Week 3 review: all quiet on the Arab front

I have been busy at #AHA2014 this week and the students did quite well on their assignments, so I have very little to talk about this time.

On the assignments they were to repeat the question exercise from last week and then find connections between documents. They largely did this, though the connections tended to be vague or simple.

In the discussion forums, I had prompted them to think broadly about the struggle for Arab independence after World War I, especially in the context of floundering empires. They largely wanted to express their conclusions from reading the primary documents (good!) even though I had wanted them to place those documents in the context of the lecture and supplementary readings, which they did not do (bad!)

Their consensus was broadly that the Arabs made a stupid mistake by turning to the British for assistance and the British were too greedy and duplicitous in their dealings with the Arabs. So I produced another mini-lecture about the inadequacy and unfairness of attributing to large historical events the causal factors of human sin like greed and stupidity. I encouraged them to review the “5 c’s” and consider how the events might be explained when considering complexity, change, causality, contingency, and context…all within the limits of the evidence we have at hand.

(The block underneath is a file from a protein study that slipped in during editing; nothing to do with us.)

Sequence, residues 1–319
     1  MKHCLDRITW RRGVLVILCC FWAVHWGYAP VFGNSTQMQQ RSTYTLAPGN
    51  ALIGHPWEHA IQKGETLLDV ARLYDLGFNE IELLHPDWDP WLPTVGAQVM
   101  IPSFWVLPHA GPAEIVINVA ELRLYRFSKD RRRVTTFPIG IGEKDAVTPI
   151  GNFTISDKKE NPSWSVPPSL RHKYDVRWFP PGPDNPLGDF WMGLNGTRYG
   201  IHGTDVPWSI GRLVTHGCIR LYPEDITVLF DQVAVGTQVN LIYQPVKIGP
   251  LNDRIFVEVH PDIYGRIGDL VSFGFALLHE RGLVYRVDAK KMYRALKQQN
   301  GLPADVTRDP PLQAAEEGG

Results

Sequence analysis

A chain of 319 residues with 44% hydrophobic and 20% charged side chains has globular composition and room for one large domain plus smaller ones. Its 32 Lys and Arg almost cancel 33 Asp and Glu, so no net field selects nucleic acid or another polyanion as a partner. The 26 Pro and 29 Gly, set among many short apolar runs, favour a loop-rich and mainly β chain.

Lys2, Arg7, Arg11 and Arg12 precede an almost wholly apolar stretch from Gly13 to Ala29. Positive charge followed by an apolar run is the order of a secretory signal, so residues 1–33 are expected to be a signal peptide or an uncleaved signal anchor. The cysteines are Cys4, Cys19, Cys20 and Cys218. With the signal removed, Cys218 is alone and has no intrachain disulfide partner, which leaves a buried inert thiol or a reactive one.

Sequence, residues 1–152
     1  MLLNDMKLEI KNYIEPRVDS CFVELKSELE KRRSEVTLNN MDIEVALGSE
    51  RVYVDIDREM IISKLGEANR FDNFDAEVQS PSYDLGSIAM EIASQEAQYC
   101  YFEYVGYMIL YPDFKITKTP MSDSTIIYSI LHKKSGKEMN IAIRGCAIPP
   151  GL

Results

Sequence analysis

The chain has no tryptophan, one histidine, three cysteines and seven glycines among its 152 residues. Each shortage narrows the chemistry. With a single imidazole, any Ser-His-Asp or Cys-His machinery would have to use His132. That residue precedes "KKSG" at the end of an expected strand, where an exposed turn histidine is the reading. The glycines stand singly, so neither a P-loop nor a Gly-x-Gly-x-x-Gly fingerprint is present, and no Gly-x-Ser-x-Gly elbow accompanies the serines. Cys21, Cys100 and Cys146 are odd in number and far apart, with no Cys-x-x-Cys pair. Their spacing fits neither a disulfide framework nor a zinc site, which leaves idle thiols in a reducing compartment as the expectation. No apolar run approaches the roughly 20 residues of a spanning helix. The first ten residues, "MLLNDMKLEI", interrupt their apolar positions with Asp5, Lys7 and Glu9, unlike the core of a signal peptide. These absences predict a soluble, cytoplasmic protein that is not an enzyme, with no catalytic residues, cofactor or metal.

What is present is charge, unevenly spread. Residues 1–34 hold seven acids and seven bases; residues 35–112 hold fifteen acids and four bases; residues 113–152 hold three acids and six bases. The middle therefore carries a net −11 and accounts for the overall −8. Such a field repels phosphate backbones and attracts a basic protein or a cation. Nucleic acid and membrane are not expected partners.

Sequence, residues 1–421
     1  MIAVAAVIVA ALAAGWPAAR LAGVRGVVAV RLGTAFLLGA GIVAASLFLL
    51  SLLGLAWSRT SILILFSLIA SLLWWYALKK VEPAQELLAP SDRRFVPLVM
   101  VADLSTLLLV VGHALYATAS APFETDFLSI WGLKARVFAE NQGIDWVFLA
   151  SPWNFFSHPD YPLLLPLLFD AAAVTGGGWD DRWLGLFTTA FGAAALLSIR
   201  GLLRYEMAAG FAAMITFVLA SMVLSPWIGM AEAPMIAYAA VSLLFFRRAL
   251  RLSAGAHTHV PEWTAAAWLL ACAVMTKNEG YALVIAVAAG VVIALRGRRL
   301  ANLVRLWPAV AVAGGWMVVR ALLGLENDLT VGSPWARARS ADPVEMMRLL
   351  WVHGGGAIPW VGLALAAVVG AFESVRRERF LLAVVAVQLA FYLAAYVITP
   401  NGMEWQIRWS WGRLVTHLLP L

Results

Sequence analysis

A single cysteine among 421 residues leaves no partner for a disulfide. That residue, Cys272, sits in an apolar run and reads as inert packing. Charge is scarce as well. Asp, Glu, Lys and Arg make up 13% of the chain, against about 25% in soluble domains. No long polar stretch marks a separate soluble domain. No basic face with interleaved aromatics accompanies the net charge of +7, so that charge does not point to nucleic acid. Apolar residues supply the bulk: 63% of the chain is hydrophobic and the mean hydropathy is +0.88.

We’ll see how it goes next week. We’re doing the fundamentalist/modernist debate of the 1920s.


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